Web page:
CHICAGO (CBS) — Activists have raised questions about the future of a South Side hospital, due to financial troubles.

Roseland Community Hospital needs millions of dollars to stay open, and protesters rallied outside the hospital Monday morning, fearing it could soon close.

However, the governor’s office said the state has not been notified of any plans for the hospital to close.

Community activists, including a local pastor, said the governor’s office told top administrators in a conference call on Sunday that the state could not provide millions of dollars needed to keep the facility open.

But a spokeswoman for Gov. Pat Quinn said the state never promised to commit any funding to help Roseland stay open; it only pledged to work with the hospital to identify possible sources of funding. She also said Roseland has not informed the state it plans to close.

The governor’s office said the state does not owe any money to Roseland, although it is aware the hospital has serious financial issues.

According to the governor’s office, the hospital’s board has mismanaged resources, including using capital funding for operations.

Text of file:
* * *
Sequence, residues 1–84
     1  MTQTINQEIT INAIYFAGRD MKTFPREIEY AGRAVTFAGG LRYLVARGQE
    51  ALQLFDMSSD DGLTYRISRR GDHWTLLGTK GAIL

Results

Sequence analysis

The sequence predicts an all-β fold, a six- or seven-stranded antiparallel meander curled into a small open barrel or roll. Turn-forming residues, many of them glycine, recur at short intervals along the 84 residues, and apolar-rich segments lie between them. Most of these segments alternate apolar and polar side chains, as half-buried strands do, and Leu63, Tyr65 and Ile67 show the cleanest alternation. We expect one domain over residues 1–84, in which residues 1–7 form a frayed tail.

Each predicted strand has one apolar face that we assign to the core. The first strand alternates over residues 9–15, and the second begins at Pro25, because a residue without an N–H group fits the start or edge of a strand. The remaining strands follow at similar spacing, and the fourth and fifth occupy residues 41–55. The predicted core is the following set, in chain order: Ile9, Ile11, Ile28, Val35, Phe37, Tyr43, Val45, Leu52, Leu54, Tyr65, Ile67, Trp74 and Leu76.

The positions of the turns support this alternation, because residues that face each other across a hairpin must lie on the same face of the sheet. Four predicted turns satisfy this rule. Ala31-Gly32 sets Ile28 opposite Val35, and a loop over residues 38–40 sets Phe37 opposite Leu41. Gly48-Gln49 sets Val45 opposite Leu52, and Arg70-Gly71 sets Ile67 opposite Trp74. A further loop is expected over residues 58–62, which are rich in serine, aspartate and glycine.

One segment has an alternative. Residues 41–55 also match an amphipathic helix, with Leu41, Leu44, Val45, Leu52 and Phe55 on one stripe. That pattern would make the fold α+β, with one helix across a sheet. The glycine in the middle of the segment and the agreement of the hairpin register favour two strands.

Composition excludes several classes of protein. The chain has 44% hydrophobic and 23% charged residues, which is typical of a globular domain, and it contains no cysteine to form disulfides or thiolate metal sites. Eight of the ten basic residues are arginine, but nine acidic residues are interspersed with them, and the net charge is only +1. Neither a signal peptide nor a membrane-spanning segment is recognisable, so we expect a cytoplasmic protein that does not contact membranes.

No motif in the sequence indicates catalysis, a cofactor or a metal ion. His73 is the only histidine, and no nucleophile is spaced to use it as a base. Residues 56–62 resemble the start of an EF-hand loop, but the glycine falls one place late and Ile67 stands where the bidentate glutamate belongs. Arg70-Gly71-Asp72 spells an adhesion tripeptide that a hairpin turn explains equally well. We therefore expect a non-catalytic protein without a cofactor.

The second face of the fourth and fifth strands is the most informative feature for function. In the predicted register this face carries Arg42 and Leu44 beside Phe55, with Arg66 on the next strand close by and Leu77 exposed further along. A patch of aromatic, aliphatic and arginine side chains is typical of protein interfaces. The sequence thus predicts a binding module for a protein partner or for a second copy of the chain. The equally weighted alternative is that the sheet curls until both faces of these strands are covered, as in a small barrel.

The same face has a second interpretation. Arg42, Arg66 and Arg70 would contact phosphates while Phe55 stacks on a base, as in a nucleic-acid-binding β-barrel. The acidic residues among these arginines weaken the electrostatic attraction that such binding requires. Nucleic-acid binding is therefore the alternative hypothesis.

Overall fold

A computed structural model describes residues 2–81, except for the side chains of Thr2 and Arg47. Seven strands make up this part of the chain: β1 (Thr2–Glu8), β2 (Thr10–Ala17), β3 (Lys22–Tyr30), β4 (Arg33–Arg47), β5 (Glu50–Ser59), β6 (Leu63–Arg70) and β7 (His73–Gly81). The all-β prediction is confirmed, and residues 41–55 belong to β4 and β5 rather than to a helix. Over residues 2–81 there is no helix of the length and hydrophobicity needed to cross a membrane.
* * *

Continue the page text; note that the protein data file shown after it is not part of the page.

“The hospital and its board of directors have serious management issues that need to be addressed. Roseland Hospital is in deep debt and they have mismanaged their resources into the situation they are in today,” spokeswoman Brooke Anderson said in an email. “The governor is concerned about Roseland’s long term viability, and that’s why our top healthcare advisors have met with them repeatedly over the past six weeks, including yesterday. Unfortunately, they have failed to respond to our requests for a viable plan to properly run the hospital.”

The two sides were set to meet again this week.

The hospital provides medical care to low-income families – an estimated $25 million a year in free care for the poor.

Roseland neighborhood residents said it would be a huge detriment to the community if the hospital shuts down.

“To me it helps a lot, because you don’t have to go as far. A lot of people don’t have transportation, and being here in the community, I mean, if you have to walk to the hospital, you can get right here to it,” Robert Rhea said.

“We need this hospital, believe me. If they can do anything to help this hospital, please do it, because the distance we would have to go for another hospital is real bad. It’s a lot of elderly people that come here also,” fellow Roseland resident Jesse Moore said.

The hospital CEO and local leaders planned to hold a news conference at noon to discuss the situation.

Just last week, 68 hospital employees were laid off as officials waited to hear if the hospital would get a $7 million bailout from the state to stay open. Another 47 employees will take one unpaid furlough day during every two-week pay period.

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